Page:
Camino de Santiago – Acebo to Molinaseca and Rest Day

Acebo to Molinaseca

Daylight savings finished last night which means its light that bit earlier but also darker earlier too, so less time in the afternoon to go exploring.

Leaving El Acebo I had to tackle the rest of the downhill that I started yesterday. Felt good today after the emotions of yesterday and the scenery was fabulous, it’s so nice to see trees again. Started out walking on the road which was relief from the rocks which requires a fair amount of concentration and care.

The village of Riego de Ambros was just gorgeous and it took me ages to get through it as I kept stopping to make photos. The Chapel of San Sebastian was so simple and pretty and there was a ‘fixer-upper’ for sale just across the road. It would great to do up one of these old buildings into a small boutique B&B for pilgrims.

Some more rocky sections that require care to traverse and some steep sections thrown in. The steepest sections usually end up being the rockiest just to keep you on your toes….literally. I was surprised at one point to realise how high up I still was, which meant I still had a lot of downhill ahead of me.

Molinaseca is a very pretty village that has been done up over the years and is close enough to Ponferrada that people come up for Sunday lunch. It was a short day for me (only 8kms) and coming into town well before lunch and being finished for the day, with also a rest day here tomorrow was a bit weird. Managed to run into a few people who were all just leaving. I had just finished second breakfast sitting in the sun overlooking the medieval bridge when Sioux, David and Anna-Louise turned up. Chatted and laughed with them for quite a while until they had get moving again.

Did a wander around the village and read for a while.

Molinaseca – Rest day

As I mentioned, Molinaseca is a very old and very pretty village but it isn’t very big (population 800) and once I’d done a lap of it, I was pretty much done….and that was yesterday. I really wasn’t sure why I had a rest day here when another 8kms further on was Ponferrada with a population of 70,000. I would rather have had two short walking days. Anyway, it is what it is, so I had a lazy day and filed my nails. Sad but that was really about the extent of it, without a laptop charger, I couldn’t blog or do photos….grrr.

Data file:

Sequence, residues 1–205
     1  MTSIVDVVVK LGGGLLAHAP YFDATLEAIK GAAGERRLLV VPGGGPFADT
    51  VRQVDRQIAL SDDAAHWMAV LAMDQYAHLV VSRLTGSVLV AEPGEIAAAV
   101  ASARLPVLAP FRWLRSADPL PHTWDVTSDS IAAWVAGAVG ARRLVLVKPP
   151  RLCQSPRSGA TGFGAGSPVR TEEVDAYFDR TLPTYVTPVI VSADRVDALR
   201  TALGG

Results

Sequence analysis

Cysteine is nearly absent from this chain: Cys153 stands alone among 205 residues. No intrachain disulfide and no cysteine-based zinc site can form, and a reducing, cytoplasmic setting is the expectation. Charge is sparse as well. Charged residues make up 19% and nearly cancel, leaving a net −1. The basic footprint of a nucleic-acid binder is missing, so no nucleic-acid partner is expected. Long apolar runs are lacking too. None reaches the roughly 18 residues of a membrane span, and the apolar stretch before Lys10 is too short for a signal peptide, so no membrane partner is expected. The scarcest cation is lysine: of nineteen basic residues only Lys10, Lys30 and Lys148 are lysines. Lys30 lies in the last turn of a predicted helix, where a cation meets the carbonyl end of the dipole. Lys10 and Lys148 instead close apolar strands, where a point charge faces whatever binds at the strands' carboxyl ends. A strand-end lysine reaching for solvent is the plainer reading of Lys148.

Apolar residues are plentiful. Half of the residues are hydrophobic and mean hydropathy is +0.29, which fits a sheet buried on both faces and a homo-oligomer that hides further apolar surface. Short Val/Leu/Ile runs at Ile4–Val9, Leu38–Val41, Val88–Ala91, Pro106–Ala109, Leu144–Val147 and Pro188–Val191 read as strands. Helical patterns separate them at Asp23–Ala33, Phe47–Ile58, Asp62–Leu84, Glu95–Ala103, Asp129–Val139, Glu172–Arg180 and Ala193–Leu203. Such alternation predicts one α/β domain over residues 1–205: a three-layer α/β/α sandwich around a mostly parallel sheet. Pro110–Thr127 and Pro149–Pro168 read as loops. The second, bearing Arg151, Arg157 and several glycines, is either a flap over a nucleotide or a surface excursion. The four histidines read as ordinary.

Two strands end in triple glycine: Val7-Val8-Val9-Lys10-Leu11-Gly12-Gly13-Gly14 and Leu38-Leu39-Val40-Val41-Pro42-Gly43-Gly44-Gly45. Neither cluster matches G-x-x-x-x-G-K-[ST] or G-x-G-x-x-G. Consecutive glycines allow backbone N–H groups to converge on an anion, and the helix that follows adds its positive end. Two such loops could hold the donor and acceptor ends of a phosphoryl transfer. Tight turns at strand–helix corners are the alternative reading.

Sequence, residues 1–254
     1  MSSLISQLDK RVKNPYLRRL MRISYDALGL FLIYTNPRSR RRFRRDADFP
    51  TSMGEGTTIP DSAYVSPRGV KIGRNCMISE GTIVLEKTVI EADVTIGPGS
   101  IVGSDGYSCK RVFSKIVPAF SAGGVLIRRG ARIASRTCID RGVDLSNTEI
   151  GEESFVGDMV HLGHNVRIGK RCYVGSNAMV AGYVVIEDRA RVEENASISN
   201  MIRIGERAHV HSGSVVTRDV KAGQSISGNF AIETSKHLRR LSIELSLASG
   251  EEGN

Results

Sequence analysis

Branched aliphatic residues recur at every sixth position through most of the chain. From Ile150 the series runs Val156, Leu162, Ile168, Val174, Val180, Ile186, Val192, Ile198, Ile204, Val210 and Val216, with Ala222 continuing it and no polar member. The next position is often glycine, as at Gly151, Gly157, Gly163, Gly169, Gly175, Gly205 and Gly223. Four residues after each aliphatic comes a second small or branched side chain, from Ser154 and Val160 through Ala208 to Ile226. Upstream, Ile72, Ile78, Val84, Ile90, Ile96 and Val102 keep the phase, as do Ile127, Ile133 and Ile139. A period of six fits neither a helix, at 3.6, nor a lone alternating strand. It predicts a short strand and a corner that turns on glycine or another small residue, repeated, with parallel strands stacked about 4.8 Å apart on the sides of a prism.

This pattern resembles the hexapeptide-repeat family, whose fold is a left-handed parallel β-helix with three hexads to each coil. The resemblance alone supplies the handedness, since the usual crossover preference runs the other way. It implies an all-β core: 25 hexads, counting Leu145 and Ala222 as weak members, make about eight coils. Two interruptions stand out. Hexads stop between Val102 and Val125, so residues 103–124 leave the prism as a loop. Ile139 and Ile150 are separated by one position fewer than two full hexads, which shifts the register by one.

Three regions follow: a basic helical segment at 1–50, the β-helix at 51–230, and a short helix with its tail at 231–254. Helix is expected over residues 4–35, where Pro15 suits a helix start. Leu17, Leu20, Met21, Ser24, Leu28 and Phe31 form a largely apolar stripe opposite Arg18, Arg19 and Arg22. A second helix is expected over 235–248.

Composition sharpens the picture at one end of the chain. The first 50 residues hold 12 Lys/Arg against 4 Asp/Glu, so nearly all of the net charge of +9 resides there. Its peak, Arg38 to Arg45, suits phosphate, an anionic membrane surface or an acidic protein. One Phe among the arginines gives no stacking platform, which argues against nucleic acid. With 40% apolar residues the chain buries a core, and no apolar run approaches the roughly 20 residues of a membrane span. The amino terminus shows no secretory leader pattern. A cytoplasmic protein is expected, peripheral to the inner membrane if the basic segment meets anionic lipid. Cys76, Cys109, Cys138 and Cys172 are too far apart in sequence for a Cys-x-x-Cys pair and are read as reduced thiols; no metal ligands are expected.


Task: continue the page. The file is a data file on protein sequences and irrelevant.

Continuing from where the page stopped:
I realised I only had two weeks left to go. At the start, I wasn’t sure I was going to be able to do this and here I am nearing the end. I wasn’t sure that I would have the stamina/ability /training to cover the distance. When you talk about the Camino it’s all about the 800kms and that’s probably why I had so many doubts. But once you start walking, there is no thought of how much further you have to walk or how far you’ve already walked, your only concerns are how far you are going on any given day because the rest doesn’t matter, that is, until the halfway point. Then it seemed to take on a life of it’s own and distances became the hot topic; some had to know how much further we had to walk everyday and for others with return tickets they had to start planning how far they needed to walk each day to make it to Santiago in time.

Brilliant journey Lindy – are you doing it for yourself or are you raising money for a charity?

Hi Rina
Just doing it for myself and finishing it for my Dad.
Cheers
Lindy

That’s great, keep going posting up, El Camino is amazing

Thanks Eche. They are coming along slowly.

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